There are about 6 million Americans living abroad, and growing every year due to increasing economic flexibility and globalization. Although Americans may live elsewhere, they still have to file as citizens of the country. This come with an added sense of dread since Americans will have to pay taxes in their host country. But electronic filing makes it hassle-free, and often, taxes are not owed thanks to a few deductions and exceptions. Learn the essential tax tips for expats for filing your 2017 tax return before the April deadline.
For 2017, the IRS has increased the amount of money you can exclude from American taxation in order to keep up with inflation. The number is now up to $102,100. In order to exclude up to this amount of foreign income, you have to meet one of two requirements.
Bona Fide Residence: You have lived in the foreign country for an entire tax year without interruption (vacations don’t count as interruption).
Physical Presence: You can be physically present in more than one country. However, you have to be present for at least 330 days of any 12 month period (can be non consecutive).
This credit was put into place to alleviate some of the double taxation that may be experienced by those earning more than $102,100 abroad. Keep in mind that you have to either tax the income exclusion or the tax credit; not both. You might use the tax credit if you would be paying a higher rate in the foreign country than the US. If you have income from both countries, the one you take will depend on how much you make abroad vs in the US, and the maximum foreign tax credit you can apply is limited by the percentage of comparison. If you earn more from the foreign country you currently reside in, the Foreign Tax Credit will provide the biggest benefit, although more complicated to apply for.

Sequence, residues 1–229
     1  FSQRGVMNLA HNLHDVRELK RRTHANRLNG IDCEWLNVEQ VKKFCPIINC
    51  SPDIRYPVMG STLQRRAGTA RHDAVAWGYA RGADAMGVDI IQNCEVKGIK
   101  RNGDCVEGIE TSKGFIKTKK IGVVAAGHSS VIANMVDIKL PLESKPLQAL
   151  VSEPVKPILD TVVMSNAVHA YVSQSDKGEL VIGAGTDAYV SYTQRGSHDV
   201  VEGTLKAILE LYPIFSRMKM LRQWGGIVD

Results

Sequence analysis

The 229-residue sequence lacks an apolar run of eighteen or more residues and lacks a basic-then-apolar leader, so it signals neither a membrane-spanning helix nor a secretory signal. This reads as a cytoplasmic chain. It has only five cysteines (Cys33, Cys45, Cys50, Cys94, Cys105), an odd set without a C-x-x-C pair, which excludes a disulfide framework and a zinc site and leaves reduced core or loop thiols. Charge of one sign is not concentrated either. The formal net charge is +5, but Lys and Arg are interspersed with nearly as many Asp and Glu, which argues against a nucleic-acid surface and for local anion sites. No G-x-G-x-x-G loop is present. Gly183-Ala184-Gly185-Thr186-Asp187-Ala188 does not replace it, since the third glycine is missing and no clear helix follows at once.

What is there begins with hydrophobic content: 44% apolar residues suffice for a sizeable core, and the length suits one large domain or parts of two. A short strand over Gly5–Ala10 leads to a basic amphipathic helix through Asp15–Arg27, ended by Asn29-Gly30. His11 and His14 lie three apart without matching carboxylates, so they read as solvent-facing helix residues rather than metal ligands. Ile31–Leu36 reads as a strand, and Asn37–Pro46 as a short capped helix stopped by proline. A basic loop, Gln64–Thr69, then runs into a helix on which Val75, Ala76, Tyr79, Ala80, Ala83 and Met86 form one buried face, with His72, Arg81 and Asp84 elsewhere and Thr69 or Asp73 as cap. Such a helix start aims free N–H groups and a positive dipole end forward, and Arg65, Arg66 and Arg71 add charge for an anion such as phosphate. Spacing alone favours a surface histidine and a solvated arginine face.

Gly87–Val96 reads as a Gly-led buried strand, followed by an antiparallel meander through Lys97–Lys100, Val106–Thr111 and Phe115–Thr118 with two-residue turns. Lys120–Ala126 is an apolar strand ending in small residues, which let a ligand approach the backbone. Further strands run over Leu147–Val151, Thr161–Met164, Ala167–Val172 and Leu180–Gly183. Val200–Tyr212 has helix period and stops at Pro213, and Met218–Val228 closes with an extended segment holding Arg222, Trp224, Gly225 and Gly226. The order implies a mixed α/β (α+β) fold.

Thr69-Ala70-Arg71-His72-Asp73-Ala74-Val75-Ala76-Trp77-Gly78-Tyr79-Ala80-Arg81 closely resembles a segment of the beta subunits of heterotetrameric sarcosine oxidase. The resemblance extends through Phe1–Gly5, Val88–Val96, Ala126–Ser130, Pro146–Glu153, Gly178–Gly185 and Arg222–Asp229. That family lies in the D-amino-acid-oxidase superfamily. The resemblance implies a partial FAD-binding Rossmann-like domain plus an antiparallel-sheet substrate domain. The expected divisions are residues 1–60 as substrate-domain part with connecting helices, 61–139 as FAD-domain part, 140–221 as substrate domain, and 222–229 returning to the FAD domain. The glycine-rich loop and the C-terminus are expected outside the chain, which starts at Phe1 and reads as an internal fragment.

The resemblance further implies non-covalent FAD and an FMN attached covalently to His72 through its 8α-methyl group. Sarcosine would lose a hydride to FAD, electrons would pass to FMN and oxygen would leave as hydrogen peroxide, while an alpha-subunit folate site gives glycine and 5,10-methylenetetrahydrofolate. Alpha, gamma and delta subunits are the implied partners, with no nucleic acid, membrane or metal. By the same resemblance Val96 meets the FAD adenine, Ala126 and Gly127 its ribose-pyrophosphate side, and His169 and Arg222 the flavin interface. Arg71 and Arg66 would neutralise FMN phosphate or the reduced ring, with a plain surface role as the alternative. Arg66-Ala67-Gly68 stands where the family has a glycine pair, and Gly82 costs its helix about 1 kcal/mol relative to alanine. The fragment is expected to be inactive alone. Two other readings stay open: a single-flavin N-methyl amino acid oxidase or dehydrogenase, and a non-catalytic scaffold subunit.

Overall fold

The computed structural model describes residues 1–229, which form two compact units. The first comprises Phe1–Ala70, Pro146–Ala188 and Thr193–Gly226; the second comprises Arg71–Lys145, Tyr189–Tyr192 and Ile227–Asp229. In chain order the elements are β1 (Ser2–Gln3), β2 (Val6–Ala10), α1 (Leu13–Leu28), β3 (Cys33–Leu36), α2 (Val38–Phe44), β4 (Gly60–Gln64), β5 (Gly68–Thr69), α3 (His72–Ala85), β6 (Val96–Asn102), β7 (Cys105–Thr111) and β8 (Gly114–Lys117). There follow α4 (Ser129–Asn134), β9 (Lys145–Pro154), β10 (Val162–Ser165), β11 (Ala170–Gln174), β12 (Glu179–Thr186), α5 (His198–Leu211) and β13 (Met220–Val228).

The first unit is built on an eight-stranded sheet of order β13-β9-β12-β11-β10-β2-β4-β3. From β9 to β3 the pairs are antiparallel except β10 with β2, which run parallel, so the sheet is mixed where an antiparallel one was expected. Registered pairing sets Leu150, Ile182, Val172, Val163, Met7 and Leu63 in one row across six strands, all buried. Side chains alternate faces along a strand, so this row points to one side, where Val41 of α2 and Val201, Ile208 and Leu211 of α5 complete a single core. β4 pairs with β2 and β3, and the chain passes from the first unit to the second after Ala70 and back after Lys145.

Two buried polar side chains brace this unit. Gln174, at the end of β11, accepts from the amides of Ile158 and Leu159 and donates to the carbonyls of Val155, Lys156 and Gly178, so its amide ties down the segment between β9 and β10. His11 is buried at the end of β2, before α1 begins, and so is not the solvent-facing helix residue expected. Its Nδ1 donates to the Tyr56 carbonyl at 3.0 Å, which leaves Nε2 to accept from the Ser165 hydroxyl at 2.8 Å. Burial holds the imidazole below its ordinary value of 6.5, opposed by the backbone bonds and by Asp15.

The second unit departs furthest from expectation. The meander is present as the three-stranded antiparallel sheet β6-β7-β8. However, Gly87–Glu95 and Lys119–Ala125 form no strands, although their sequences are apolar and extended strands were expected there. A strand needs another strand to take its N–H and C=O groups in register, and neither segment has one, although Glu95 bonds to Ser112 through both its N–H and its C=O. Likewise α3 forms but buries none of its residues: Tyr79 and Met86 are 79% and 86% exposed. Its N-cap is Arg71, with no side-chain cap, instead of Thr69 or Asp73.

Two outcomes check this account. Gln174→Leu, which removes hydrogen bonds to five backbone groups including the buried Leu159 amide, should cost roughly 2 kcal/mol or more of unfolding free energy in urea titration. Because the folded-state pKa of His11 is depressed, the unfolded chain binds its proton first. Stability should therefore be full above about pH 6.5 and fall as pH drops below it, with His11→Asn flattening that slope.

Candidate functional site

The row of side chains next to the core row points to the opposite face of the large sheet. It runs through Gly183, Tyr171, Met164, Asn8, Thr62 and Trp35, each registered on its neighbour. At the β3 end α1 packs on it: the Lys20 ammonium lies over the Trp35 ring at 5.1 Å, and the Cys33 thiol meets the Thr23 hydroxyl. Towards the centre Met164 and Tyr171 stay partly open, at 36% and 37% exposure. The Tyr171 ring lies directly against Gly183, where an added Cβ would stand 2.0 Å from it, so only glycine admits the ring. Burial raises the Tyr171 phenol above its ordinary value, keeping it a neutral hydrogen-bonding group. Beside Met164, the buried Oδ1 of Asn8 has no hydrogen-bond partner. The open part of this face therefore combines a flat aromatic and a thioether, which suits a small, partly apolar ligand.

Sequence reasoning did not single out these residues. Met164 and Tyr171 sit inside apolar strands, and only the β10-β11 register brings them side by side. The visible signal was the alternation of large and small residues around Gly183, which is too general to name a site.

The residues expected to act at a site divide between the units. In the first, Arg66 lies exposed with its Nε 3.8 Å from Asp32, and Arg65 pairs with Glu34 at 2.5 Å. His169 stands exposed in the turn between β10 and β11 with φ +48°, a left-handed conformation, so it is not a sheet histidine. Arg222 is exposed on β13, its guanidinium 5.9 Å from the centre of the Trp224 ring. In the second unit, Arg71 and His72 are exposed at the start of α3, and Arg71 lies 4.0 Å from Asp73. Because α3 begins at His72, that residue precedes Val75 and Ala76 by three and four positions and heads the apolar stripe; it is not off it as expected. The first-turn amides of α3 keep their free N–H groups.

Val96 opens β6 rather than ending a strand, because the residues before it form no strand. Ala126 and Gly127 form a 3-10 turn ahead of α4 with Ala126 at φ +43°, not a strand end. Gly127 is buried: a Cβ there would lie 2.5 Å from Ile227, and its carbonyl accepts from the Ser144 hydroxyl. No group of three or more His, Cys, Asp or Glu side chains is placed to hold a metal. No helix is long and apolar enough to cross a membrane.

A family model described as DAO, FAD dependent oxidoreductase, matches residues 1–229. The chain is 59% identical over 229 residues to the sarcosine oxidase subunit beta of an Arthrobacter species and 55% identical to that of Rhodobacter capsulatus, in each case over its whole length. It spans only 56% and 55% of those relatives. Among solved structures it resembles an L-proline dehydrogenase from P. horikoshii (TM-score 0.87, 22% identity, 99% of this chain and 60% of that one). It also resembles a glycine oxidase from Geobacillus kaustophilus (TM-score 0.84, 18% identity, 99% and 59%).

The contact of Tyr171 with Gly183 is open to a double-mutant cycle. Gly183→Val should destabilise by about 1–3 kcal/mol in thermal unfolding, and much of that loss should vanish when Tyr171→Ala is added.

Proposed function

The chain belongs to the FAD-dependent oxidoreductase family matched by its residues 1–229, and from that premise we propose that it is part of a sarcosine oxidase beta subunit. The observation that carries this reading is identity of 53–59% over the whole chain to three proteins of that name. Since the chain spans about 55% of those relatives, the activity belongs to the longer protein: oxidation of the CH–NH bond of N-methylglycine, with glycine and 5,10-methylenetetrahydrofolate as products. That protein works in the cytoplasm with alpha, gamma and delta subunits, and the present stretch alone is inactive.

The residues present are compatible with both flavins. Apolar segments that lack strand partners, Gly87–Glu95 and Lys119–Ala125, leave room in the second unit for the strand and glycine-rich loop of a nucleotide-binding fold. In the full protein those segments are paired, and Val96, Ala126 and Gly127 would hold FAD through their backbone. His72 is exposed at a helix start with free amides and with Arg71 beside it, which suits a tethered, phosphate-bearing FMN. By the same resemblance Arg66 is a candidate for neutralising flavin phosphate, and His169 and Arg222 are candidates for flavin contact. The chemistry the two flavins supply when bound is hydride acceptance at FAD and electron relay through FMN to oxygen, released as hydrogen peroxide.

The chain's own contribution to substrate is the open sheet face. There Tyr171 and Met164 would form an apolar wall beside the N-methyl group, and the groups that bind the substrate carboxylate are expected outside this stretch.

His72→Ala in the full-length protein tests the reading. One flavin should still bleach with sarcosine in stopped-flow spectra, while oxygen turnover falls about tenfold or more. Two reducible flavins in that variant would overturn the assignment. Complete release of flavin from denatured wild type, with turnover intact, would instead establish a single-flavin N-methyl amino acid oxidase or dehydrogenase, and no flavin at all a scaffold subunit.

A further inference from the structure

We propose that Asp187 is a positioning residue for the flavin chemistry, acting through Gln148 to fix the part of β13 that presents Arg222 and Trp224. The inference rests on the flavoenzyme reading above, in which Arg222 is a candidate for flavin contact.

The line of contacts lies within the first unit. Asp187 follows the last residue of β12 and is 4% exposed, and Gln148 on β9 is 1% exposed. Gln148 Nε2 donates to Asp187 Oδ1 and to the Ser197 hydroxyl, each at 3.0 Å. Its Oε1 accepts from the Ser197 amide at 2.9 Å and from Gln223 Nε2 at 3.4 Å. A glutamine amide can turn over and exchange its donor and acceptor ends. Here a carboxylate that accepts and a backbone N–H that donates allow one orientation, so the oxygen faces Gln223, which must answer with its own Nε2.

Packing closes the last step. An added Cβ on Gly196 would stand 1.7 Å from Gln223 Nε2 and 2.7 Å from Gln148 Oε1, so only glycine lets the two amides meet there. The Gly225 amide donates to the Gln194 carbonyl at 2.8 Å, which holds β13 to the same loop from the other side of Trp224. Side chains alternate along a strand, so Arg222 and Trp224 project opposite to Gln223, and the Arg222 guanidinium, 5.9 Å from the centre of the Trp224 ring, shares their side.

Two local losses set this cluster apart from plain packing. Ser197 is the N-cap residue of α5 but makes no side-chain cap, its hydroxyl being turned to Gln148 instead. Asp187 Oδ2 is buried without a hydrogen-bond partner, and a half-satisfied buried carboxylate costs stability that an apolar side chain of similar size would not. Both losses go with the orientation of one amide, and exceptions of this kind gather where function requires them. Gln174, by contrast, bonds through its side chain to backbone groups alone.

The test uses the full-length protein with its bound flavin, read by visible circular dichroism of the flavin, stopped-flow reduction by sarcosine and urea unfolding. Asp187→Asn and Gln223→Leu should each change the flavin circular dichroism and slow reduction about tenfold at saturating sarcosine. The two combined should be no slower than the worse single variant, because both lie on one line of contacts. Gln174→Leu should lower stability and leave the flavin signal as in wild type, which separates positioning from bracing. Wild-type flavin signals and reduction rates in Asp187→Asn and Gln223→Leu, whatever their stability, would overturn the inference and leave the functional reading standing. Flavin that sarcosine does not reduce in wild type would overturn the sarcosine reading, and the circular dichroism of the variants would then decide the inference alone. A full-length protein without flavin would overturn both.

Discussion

The Foreign Bank and Financial Accounts Report becomes a requirement for not only expats but everyone that has had, at any time, $10,000 or more in a foreign bank account during the tax year. This simple filing requirement is due on April 15th with your tax return (instead of in June as it was in previous years).
Similar to FBAR, FACTA requires reporting of foreign financial assets once they meet certain numbers, depending on your filing status and residency. Be warned that your bank may report these assets whether you do or not, and penalties can be very high, so trying to hide them from the IRS isn’t a financially smart move.
As an American expat, you will have to learn the taxation and filing requirements of your host country, but don’t forget to file in the US as well in order to retain your citizenship and good financial standing. As long as you report everything and choose one of the tax-relieving options, filing as an expat should be a hassle-free endeavor. If you have concerns about your filing status or credits and deductions you can take, consult your tax professional to advise the best filing practices for your particular circumstances.